Determinants and Consequences of Bailing Out States in Mexico
This paper identifies and analyzes the determinants and consequences of bailing out states, in particular, those observed in Mexico. This case is important because lessons can be obtained for other LDCs. Bailouts of lower-level governments have not been the object of much research in economics. This work suggests that the explicit generalized bailout carried out by the federal government in Mexico in 1995 created a moral hazard problem. The existing institutional-legal framework is not adequate, because it provides incentives for states to borrow and for banks to lend without evaluating the risk of the project. Likewise, the importance of the state (size) is a major determinant in providing bailout transfers. Also, the more a state government is in fiscal need when the state government is incapable of adjusting its expenditure, the more likely the state is to get an extraordinary transfer during the period of study. On the other hand, political variables are not an important determinant of a bailout, except, perhaps, when there are state elections. We also show that excessive indebtedness of local states may have equity implications as well: bailouts tend to be highly regressive, as the poorer –low indebted- states receive much less in extraordinary resources.
Volume (Year): 28 (2002)
Issue (Month): 3 (Summer)
|Contact details of provider:|| Postal: |
Phone: (201) 684-7346
Web page: http://www.ramapo.edu/eea/journal.html
More information through EDIRC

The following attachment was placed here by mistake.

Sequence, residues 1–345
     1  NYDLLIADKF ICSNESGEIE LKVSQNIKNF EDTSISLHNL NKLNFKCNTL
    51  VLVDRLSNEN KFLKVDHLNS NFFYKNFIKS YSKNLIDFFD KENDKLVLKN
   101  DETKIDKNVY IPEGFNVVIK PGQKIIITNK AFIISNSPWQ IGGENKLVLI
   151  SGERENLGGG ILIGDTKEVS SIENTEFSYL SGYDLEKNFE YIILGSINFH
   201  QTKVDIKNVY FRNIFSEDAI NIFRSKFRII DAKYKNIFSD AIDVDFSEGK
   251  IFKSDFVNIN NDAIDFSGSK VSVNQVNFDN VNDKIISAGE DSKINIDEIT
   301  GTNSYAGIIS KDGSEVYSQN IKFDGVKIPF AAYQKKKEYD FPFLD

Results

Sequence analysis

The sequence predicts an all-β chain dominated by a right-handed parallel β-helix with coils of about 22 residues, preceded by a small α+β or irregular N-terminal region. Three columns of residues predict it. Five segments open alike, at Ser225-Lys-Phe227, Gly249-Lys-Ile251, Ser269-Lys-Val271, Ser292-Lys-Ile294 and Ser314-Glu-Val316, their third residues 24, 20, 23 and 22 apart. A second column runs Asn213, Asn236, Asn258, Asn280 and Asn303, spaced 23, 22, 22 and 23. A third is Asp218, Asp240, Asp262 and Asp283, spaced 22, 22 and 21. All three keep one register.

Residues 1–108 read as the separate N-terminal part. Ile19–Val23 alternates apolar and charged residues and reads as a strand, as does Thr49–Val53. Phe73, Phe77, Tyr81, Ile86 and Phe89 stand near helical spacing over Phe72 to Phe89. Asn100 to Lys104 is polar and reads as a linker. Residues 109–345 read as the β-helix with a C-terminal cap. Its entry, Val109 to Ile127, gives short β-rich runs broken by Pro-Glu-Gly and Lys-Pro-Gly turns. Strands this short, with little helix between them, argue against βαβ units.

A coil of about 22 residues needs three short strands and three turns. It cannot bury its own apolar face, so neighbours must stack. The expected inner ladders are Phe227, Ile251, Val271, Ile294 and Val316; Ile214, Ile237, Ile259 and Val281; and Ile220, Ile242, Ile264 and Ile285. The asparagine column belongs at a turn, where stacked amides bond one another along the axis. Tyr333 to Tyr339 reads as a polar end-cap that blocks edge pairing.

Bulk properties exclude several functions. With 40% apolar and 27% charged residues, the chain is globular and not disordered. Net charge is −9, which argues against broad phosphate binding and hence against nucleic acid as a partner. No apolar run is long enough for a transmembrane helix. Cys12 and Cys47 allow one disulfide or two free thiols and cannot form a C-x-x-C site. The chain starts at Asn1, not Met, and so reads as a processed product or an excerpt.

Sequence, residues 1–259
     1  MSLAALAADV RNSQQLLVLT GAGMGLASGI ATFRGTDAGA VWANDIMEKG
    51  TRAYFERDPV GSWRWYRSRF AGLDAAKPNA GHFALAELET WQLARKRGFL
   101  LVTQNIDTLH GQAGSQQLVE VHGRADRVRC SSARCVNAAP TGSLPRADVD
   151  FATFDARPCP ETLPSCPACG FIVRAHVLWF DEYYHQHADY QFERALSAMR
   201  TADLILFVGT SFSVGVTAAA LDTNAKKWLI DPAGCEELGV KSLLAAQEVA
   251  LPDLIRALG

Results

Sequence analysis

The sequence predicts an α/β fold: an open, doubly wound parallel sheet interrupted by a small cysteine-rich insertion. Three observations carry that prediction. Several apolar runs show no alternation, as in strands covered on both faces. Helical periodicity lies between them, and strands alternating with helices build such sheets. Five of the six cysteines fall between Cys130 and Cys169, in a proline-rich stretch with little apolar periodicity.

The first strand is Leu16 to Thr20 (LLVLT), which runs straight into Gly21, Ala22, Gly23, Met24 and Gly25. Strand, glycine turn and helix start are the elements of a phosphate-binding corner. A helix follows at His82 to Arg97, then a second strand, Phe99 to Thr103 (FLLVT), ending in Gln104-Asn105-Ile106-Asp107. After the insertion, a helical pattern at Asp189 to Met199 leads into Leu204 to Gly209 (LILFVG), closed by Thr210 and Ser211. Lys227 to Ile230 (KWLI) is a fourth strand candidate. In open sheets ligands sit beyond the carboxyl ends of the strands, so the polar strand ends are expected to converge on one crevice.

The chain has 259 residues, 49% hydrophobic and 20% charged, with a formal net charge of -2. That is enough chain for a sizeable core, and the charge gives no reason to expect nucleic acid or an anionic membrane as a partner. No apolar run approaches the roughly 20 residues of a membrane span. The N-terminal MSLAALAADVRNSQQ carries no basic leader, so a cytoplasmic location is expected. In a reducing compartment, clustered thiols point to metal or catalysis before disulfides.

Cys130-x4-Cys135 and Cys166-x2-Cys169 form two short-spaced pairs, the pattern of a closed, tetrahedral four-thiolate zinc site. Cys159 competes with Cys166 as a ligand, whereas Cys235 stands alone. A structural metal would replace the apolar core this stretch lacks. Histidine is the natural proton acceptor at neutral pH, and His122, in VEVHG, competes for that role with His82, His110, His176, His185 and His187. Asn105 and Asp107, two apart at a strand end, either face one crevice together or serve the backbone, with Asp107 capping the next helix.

References listed on IDEAS
Please report citation or reference errors to , or , if you are the registered author of the cited work, log in to your RePEc Author Service profile, click on "citations" and make appropriate adjustments.:
- Goodhart, C A E, 1987. "Why Do Banks Need a Central Bank?," Oxford Economic Papers, Oxford University Press, vol. 39(1), pages 75-89, March.
- von Hagen, Jurgen & Eichengreen, Barry, 1996. "Federalism, Fiscal Restraints, and European Monetary Union," American Economic Review, American Economic Association, vol. 86(2), pages 134-38, May.
When requesting a correction, please mention this item's handle: RePEc:eej:eeconj:v:28:y:2002:i:3:p:365-380. See general information about how to correct material in RePEc.
For technical questions regarding this item, or to correct its authors, title, abstract, bibliographic or download information, contact: (Victor Matheson, College of the Holy Cross)
If you have authored this item and are not yet registered with RePEc, we encourage you to do it here. This allows to link your profile to this item. It also allows you to accept potential citations to this item that we are uncertain about.
If references are entirely missing, you can add them using this form.
If the full references list an item that is present in RePEc, but the system did not link to it, you can help with this form.
If you know of missing items citing this one, you can help us creating those links by adding the relevant references in the same way as above, for each refering item. If you are a registered author of this item, you may also want to check the "citations" tab in your profile, as there may be some citations waiting for confirmation.
Please note that corrections may take a couple of weeks to filter through the various RePEc services.